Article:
Here is a tutorial for making the quilt Linen Stories. I called my personal quilt Mahjong because that is what I thought it looked like:-))
The idea for this quilt came from the tutorial I was working on for a Log Cabin quilt. I was trying to use a lot of colors, varying the intensity so the light ones were in the middle and they got darker as they moved to the outside. Kinda like the Swing Your Partner block.
Here are the fabrics that I chose. Notice that there is a dark and light of each color. This doesn’t exactly match the Connecting Threads kit as I didn’t have those fabrics available at the time I made this tutorial.
The blocks in this quilt are surprisingly easy to make. They are simply strips around a center half-square-triangle-block, with the light strip on the inside and the dark strip on the outside. You will be cutting and recutting a LOT of strips for this project. A stripology or other strip cutting ruler will make this chore a little less tedious.
There are many different ways to make Half-Square-Triangle (HST) blocks. This is the traditional method.
Start with two squares of fabric, a dark and a light, that are 7/8″ larger than the finished size of the HST that you are making. (I usually specify 1″ larger in the patterns that I write to give people a chance to square it up after it is made.) Draw a line on the diagonal of the light square, match it to the dark square, and sew 1/4″ on either side of that line. Cut on the drawn line.
If you prefer to draw both the center cutting line and the 1/4″ line, consider a Quick Quarter Ruler. It has an angled edge to help you draw a perfect diagonal line through the center of the ruler.
To square up the block, you can use a specialty ruler like the Quilt in a Day square up ruler or just place the 1/4″ line on a square ruler on the seam line and draw around the edges.
Or, you can press the block open and cut all the way around it. Remember to PRESS and not iron as you might a garment. You just want to make this block flat. A rotating cutting mat will make your life much easier as you won’t have to pick up the ruler, then the block, then reposition it before making the next cut.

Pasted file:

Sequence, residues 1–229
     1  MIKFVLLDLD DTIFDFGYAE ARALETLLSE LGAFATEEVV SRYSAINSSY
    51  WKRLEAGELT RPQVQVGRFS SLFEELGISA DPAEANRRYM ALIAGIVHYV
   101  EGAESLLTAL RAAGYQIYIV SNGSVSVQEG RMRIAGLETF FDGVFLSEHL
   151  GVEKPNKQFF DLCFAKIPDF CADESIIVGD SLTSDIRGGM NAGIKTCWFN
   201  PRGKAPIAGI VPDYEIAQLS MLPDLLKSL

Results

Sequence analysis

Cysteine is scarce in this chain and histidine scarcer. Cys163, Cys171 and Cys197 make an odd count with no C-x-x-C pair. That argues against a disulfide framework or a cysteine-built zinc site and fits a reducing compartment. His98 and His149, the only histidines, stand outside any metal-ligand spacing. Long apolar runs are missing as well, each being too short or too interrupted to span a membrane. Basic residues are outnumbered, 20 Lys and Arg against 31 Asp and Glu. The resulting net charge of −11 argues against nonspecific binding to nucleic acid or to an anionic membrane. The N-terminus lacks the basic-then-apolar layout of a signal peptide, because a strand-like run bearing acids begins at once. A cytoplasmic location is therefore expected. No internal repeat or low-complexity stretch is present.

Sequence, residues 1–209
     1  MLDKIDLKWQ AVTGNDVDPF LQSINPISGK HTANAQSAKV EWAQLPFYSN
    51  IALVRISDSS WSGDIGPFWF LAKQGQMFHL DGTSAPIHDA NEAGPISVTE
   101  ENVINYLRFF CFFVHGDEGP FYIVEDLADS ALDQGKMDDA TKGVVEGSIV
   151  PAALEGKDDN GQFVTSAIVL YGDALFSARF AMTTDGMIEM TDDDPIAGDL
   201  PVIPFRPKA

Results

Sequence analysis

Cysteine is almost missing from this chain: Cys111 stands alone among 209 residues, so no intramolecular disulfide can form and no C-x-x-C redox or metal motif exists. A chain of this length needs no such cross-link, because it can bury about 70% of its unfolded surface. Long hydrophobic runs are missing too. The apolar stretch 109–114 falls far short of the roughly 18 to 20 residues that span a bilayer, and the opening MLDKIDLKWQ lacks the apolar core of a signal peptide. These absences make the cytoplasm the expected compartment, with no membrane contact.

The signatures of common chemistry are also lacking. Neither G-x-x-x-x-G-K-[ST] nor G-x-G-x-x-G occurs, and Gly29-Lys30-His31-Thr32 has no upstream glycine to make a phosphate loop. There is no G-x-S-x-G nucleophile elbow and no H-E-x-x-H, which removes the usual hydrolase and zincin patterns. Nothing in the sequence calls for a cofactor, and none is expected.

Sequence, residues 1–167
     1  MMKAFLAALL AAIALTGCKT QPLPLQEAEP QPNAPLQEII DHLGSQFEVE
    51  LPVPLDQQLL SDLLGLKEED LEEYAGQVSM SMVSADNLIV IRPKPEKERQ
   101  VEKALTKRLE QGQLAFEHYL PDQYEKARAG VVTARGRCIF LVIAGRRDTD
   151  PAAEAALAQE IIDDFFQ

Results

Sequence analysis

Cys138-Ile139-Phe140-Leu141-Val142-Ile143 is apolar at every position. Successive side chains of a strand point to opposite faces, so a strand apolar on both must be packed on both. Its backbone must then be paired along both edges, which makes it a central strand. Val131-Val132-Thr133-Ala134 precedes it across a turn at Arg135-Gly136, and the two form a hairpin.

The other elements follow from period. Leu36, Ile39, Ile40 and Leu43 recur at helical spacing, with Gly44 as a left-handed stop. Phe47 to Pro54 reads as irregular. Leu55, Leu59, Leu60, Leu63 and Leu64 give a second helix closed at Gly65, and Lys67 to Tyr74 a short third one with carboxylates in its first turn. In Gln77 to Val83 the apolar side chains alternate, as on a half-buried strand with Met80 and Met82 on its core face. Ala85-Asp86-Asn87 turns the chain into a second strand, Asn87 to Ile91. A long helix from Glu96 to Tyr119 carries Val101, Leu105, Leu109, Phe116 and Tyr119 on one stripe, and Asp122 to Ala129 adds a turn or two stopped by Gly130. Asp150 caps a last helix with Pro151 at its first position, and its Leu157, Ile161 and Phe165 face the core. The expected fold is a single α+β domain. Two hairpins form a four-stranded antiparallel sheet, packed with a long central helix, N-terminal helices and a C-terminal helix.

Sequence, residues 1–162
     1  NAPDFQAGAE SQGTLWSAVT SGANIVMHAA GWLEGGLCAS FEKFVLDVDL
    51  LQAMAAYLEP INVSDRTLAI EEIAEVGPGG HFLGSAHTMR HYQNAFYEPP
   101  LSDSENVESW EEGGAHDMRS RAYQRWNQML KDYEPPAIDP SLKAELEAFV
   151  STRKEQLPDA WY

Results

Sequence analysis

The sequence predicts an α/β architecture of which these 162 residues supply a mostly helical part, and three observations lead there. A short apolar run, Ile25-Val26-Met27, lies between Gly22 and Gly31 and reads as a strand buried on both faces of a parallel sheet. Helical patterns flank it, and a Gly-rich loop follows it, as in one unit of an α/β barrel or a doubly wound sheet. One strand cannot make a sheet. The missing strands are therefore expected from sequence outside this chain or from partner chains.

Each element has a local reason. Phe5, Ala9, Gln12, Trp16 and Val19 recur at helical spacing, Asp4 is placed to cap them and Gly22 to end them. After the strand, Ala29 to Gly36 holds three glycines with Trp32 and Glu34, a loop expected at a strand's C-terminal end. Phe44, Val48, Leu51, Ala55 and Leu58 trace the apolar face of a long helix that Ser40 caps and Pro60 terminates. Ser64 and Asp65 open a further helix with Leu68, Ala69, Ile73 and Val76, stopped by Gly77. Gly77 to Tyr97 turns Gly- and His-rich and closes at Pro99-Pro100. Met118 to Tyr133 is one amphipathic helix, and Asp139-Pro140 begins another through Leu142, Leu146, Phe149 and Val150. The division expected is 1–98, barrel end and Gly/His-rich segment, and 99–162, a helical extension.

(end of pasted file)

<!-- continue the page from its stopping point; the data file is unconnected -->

Now that you have the center of the blocks made, it is time to sew strips around it. You can see why I was influenced by a log cabin quilt:-))
You will first sew the strips in groups, then cut them the size of the HST. (The pattern goes into more detail.) Dig out that strip cutter again! Place a horizontal line along the seam line of the strip set before making any cuts. That will help you keep your cuts straight.
I admit I ran out of steam after this step. So much cutting! I do have an Accuquilt, but I wanted to write this tutorial without using it. And, yes, it did occur to me later that I simply could have omitted that step but I didn’t think of it at the time:-))
The next day I sewed all the side pieces to the HSTs, then the two-piece units to the bottom, then began adding the final side strip. This is a closeup of that process:
Accurate pressing is important in a quilt of this size. I love my Oliso – that bounceback feature saved my ironing board from my granddaughter more than once. I know it’s expensive, but it is *so* worth it to me. Did you know they are coming out with a mini iron this spring?
Here is the block from the back, showing how it is pressed.
Here is where I was by the end of the day:
I don’t have any pictures of the last day of sewing. It was mostly trying to match the colors in the pattern to the colors that I was working on. I always recommend that quilters go through and cross off the pattern colors and write in their own. That saved me a lot of aggravation in this sewing session. Truthfully, by the end, I was just choosing colors randomly. It worked out just as well and I was happy.
Here is what the finished quilt looked like on the king sized bed in our fifth wheel travel trailer. Pretty nice, eh?
The elegant one below was made using a Connecting Threads kit.
If you make this quilt, please send me a picture! I would love to see it on your bed. My email address is [email protected] Thanks!
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